2. Relative Frequency of Success in Recovering Gaussian Sparse Signals

In our first experiment we want to determine how well each of the three algorithms can recover random Gaussian sparse signals from random Gaussian measurements b = Ax. Following the same approach taken in [11], we implement each of the three algorithms in MATLAB and invoke the l1eq-pd solver from the l_{1}-MAGIC software package developed by E. Candes and J. Romberg (available at www.l1-magic.org). We set m = 128 and n = 256. For each trial, a random matrix with i.i.d. Gaussian entries is selected and its columns are normalized. A random k-sparse signal is also selected in such a way that the k nonzero positions are randomly distributed and the nonzero components satisfy the standard Gaussian distribution. We run 150 trials for each sparsity level k between 50 and 90. The total number of iterations (excluding the initial l_{1}-minimization step) for each of the three algorithms is set to 16. For the generalized l_{1} greedy algorithm we start with 4 iterations of the reweighted l_{1}-minimization. The criterion for successful recovery for all three algorithms is set to

where x is the reconstruction of x_{0} by the algorithm. The parameters chosen for the three algorithms are listed as follows:

1) In the reweighted l_{1}-minimization:.

2) In the l_{1} greedy algorithm:;; others are the same as in 1).

3) In the generalized l_{1} greedy algorithm:; s = 0.8;; others are the same as in 2).

The settings in this section will be used throughout the paper unless changes are explicitly stated otherwise.

The output of this experiment is presented in Figure 1. As one can see from the graph, for a fixed sparsity level k the probability of successful recovery of a k-sparse signal by the generalized l_{1} greedy algorithm is higher than in the both cases of the reweighted l_{1}-minimization and l1 greedy algorithms. On average, the l_{1} greedy algorithm and the generalized l_{1} greedy algorithm recover about 14% and 18% more entries than the reweighted l_{1}-minimization method, respectively, for 50 ≤ k ≤ 90. Furthermore, on average, the generalized l_{1} greedy algorithm recovers about 6% more entries than the l_{1} greedy algorithm.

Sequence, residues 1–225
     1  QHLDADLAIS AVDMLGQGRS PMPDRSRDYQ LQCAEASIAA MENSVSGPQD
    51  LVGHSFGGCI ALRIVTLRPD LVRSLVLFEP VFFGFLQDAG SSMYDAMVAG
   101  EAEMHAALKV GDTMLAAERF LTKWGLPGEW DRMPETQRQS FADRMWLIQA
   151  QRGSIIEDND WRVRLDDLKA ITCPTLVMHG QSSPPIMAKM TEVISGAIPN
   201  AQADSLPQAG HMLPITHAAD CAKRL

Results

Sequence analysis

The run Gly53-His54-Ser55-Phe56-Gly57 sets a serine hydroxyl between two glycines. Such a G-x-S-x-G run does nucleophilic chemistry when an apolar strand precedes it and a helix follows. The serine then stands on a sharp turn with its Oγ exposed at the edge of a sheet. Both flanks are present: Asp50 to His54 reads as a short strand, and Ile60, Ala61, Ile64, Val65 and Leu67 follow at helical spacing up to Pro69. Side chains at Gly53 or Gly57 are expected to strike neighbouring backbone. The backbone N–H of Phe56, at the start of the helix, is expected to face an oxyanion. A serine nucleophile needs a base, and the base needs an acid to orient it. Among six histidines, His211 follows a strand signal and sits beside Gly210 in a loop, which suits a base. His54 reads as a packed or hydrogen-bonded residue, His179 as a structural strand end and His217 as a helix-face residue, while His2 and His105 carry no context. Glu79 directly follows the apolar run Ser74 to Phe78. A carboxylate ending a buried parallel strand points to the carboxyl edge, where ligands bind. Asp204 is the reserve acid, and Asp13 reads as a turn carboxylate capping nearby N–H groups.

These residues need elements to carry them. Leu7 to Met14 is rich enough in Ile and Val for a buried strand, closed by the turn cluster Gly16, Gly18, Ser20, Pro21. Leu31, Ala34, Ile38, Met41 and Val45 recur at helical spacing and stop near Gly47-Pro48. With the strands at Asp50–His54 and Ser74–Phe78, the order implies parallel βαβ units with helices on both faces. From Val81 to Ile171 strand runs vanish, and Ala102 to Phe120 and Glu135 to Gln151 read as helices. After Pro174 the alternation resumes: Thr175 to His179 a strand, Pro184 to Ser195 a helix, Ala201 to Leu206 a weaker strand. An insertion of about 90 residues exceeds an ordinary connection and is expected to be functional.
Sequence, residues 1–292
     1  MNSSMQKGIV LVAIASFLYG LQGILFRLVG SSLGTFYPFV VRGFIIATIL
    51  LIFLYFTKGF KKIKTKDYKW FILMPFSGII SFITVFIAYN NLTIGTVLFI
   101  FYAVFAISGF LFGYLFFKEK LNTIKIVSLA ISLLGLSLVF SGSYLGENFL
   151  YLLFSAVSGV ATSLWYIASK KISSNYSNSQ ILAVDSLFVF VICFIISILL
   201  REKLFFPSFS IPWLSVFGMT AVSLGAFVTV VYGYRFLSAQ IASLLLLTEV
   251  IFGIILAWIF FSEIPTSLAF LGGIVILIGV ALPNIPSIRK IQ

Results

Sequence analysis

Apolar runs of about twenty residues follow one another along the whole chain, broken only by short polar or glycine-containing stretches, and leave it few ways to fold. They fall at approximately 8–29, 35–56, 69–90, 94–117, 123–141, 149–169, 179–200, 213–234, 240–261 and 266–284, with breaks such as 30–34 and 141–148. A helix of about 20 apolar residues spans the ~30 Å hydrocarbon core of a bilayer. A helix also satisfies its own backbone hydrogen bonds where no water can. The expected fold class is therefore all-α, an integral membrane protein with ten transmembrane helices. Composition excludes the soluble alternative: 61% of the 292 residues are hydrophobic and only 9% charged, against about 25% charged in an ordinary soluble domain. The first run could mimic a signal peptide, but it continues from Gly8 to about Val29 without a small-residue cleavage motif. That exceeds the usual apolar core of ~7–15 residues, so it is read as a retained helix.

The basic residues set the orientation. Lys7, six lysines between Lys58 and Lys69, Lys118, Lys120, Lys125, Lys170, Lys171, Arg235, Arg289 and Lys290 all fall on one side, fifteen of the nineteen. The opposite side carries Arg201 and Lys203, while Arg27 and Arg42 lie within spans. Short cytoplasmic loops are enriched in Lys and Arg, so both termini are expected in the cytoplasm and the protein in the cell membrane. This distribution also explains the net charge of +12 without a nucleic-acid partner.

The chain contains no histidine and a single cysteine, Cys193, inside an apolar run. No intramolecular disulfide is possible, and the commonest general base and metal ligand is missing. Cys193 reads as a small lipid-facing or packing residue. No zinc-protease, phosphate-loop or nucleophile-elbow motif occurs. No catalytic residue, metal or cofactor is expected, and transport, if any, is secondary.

3. Influence of the Parameters on Reconstruction Success

An empirical analysis of the reweighted l_{1}-minimization

Figure 1. Improvements in recovering sparse solutions from the generalized l_{1} greedy algorithm when compared to the reweighted l_{1}-minimization and l_{1} greedy algorithms.

algorithm determined that the algorithm is robust with respect to (chosen from a suitable range) and that much of the improvement in recovery comes from the first few reweighting iterations [11]. We performed a similar analysis of the generalized l_{1} greedy algorithm, and our results indicate that the algorithm is stable with respect to each of its parameters (within a certain range of values). We illustrate this behavior with the parameter using the same settings as in Section 2 for the remaining parameters. From Figure 2 one can see that the algorithm is fairly stable for the following values of: 0.2; 0.3; 0.4. Our experimental results also show that the algorithm is very robust with respect to for and fairly robust with respect to s and for values between 0.7 and 0.9. It is also evident from Figure 3 that the number of iterations k_{max} of the generalized l_{1} greedy algorithm has minimal affect on the performance of the algorithm when k_{max} ≥ 10. So in practice only a few iterations are needed to achieve the best performance of the generalized l_{1} greedy algorithm.

4. Influence of Noise on Reconstruction Success

In real life applications measured data are often corrupted by a small amount of noise. Thus one needs to recover the original signal x_{0} from noisy data

;

where is an unknown noise term. The signal-tonoise ratio (SNR) in dB is defined by

where b = Ax_{0} is noise-free data. In this section we show how white Gaussian noise at SNR levels 40 dB and 60 dB, respectively, affect the performance of the generalized l_{1} greedy algorithm. We also compare the performance of the reweighted l_{1}-minimization, l_{1} greedy, and generalized l_{1} greedy algorithms on noisy data with an SNR of 60 dB. As in [12] the precision of recovery is set according to the noise level. More precisely, the criterion for successful recovery are taken to be and for noisy data with an SNR of 40 dB and with an SNR of 60 dB, respectively. All the other settings are the same as in Section 2. Figure 4 shows that the performance of the generalized l_{1} greedy algorithm is very robust with respect to noise at an SNR level 60 dB and fairly robust with respect to noise at an SNR level 40 dB for 30 ≤ k ≤ 90. Figure 5 compares the performance of the three algorithms on noisy data with an SNR of 60 dB. Clearly, the generalized l_{1} greedy algorithms outperform the other two algorithms. Moreover, for noisy data with an SNR of 60 dB, on average, the generalized l_{1} greedy algorithm recovers about 17% more entries than the reweighted l_{1}-minimization algorithm and about 5% more entries than the l_{1} greedy algorithm for 50 ≤ k ≤ 90.